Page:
Design Con 2015

Benchmarking MoCA: Does coax meet your bandwidth quota?

-December 04, 2012

As I most recently mentioned about a month ago, my primary downstairs (router)-to-upstairs (LAN gear) connectivity scheme is two-fold; "500 Mbps" HomePlug AV powerline and dual-channel 802.11n wireless, the latter with a "wide channel" 5 GHz beacon option. Aside from tethering my laptop, iPad, iPod touch and iPhones to the network, for which I employ Wi-Fi, the other upstairs devices that require connectivity (both to the LAN and Internet) exist within my home entertainment stack there; an Xbox 360, PlayStation 3, Roku SoundBridge M1000 streaming audio player and Roku HD-XR streaming video player.

While these latter devices all support Wi-Fi as a connectivity option (the M1000 via a CompactFlash-based adapter), I've decided to not further burden the wireless connection that my portable devices already harness, therefore explaining the home theater stack's alternative powerline networking. Specifically, upstairs I'm running a NETGEAR XAV5004 which integrates a four-port switch; its downstairs companion, connected to the router, is a single-port XAV5001.

The powerline setup largely works well, a statement which those of you who've been following my near-decade-long experiences to date with various powerline technologies and generations already know isn't a guarantee! But my Xbox 360, when acting as a Media Center Extender, occasionally spontaneously disconnects from my Windows 7-based Media Center server. And more generally, audio and video streaming playback sometimes becomes degraded-to-nonexistent for some period of time.

I've long wanted to try out MoCA (Multimedia over Coax)-based networking technology as an alternative both to Wi-Fi, to powerline approaches, and to slinging Ethernet cable around (the latter option not even feasible where I'm now living). But until now, I've not lived in a place that had pre-installed coax outlets scattered around the house. Shortly after moving in at the end of September and experiencing powerline networking glitches for the first time, I emailed MoCA's marketing and press relations representative, requesting review units. He responded by sending me two units' worth of Actiontec's ECB2200, one for downstairs and the other for upstairs:




Over the next several posts in this series, I'll document my experiences (and results) benchmarking the Actiontec MoCA adapters against Wi-Fi (5 GHz "wide channel" 802.11n, to be precise), GbE Ethernet, and a pair of NETGEAR XAV5001 "500 Mbps" HomePlug AV powerline adapters. In each case, I'll be streaming both TCP and UDP traffic between a mid-2011 Mac mini and a mid-2010 13" MacBook Pro, in the process leveraging both the latter's Wi-Fi and wired Ethernet subsystems. The common benchmark suite in all cases will be Ixia's IxChariot; the endpoint utilities run on the Apple systems' native Mac OS 10.7 O/S, while the IxChariot client leverages a Windows XP virtual machine running on the MacBook Pro via VMware Fusion.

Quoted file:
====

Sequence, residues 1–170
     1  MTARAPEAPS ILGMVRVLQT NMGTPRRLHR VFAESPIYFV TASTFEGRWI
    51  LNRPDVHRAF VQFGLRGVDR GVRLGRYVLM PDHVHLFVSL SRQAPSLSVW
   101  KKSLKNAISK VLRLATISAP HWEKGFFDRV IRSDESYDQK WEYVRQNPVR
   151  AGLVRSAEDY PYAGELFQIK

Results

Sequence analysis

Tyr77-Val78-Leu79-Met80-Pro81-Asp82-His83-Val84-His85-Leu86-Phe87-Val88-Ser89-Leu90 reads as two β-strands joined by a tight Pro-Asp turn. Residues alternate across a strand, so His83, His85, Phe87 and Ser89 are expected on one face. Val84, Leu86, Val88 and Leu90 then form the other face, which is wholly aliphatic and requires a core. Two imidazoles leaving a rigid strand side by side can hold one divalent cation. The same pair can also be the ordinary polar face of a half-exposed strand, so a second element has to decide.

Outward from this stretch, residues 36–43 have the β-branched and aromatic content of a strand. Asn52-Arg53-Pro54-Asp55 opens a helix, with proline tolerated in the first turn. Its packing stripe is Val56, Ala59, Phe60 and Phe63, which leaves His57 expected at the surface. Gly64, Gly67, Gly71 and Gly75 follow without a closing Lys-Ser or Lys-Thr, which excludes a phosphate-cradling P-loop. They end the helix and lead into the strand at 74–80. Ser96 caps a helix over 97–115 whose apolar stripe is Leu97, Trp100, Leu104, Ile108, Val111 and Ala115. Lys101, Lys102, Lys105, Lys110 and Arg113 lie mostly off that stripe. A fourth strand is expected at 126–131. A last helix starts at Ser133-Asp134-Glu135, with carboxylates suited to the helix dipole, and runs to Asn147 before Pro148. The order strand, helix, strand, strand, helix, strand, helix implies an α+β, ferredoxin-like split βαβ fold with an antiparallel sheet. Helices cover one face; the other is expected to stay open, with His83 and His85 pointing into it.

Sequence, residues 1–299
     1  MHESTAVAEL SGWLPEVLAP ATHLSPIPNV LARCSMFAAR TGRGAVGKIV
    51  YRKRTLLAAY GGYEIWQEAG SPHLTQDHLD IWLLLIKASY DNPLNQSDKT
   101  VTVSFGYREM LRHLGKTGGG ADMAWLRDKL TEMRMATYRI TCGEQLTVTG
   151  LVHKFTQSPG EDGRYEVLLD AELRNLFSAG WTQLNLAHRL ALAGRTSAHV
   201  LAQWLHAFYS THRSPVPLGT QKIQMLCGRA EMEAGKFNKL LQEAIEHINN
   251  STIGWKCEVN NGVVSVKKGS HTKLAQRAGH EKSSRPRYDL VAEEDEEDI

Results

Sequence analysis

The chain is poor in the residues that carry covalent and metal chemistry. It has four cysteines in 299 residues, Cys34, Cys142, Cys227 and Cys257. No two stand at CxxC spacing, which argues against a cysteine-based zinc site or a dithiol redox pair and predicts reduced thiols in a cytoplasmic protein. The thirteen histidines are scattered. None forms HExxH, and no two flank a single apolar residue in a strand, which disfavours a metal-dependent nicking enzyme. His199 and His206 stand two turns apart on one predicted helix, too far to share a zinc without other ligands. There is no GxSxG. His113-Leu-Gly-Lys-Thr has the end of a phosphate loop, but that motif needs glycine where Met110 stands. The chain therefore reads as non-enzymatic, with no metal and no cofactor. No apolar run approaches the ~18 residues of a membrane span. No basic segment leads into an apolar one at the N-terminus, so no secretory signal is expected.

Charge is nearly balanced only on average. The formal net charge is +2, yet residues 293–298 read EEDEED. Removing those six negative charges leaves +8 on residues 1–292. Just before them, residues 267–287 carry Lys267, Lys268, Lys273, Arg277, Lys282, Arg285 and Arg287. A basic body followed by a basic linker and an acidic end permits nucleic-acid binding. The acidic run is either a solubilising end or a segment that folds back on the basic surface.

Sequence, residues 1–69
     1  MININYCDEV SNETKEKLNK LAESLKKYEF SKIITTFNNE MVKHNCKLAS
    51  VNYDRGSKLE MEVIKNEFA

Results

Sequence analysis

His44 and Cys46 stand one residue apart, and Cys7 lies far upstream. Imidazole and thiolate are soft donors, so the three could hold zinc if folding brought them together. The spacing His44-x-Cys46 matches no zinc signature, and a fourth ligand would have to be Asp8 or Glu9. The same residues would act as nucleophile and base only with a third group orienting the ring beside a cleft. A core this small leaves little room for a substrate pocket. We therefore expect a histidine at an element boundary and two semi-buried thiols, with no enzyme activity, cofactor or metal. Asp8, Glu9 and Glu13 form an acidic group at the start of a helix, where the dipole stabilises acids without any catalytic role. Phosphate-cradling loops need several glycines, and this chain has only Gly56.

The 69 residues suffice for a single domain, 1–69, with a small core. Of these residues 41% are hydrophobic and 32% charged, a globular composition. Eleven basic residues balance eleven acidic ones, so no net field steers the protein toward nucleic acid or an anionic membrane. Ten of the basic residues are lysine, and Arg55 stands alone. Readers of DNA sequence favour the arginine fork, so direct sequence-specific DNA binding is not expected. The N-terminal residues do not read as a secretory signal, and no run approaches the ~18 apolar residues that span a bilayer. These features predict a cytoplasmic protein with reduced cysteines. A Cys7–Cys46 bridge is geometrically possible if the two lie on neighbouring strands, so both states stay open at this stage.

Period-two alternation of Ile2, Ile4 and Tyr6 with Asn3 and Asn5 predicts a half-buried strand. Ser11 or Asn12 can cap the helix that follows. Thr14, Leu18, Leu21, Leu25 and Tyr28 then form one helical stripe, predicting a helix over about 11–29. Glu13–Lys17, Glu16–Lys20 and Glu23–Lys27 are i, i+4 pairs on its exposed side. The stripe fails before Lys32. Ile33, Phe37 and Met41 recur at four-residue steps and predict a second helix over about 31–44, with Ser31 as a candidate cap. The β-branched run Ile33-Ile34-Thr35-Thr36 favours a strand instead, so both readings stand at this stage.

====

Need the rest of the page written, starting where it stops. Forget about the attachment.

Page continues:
Brace yourself for a barrage of data, which I look forward to sharing with you (and getting your feedback on). For now, I've got a few thoughts on the ECB2200s; for more, see the user feedback on Amazon:
  • My particular units came with no instructions whatsoever. They weren't retail-packaged, so I'm not sure how closely this situation mimics the typical customer experience. And the omission wasn't a problem in my case; it was easy to figure out which coax connector was supposed to tether to the wall, and the two adapters found and began communicating with each other immediately upon power-up. But I have no idea, for example, what encryption password they're using or how to change it (which might be desirable, say, in some shared-video-feed multi-residence situations). And Verizon FiOS customers similarly will need to figure out how to reconfigure an adapter to mate with the MoCA transceiver built into the fiber modem.
  • The adapters came with two matching Ethernet cables, but strangely enough, no coax cable strands. Given the low incremental expense that such further feature set augmentation would have cost Actiontec, I'm not sure why the vendor dispensed with the coax, considering the potential consumer frustration factor due to the omission.
  • According to the Amazon reviews, the Actiontec adapters don't offer embedded web servers for configuration purposes, unlike competitive devices from D-Link and NETGEAR. Depending on the complexity of your setup (and your particular technical chops) this could be either a non-issue or a non-starter.
  • The Actiontec adapters, unlike the NETGEAR XAV5004 powerline adapter, don't embed a multi-port switch. This isn't a huge deal, but if I decide to migrate from powerline to MoCA, I'll need to purchase a separate five-port switch for the upstairs network node.
  • I didn't personally experience any degradation of Comcast television or Internet service due to the Actiontec adapter being in-line between the wall connector and both the CableCARD and cable modem. Some Amazon commenters, however, report that they need to install a coax splitter (with one split going to the MoCA device, and the other going to the other device(s)) in order to get everything working properly.
  • Finally, although MoCA 1.1 claims up-to-175 Mbps bidirectional speeds (along with an up-to-270 Mbps PHY rate), the adapters' wired Ethernet ports are only 10/100 Mbps-compliant. I've unfortunately run into this situation before ... "200 Mbps" powerline adapters and even some "500 Mbps" units, for example, include only 100 Mbps-peak Ethernet ports as a bill-of-materials cost minimization move. But every time I encounter this, it feels like a deceptive bait-and-switch, promising consumers "peak" speeds that will never be achievable in real life.

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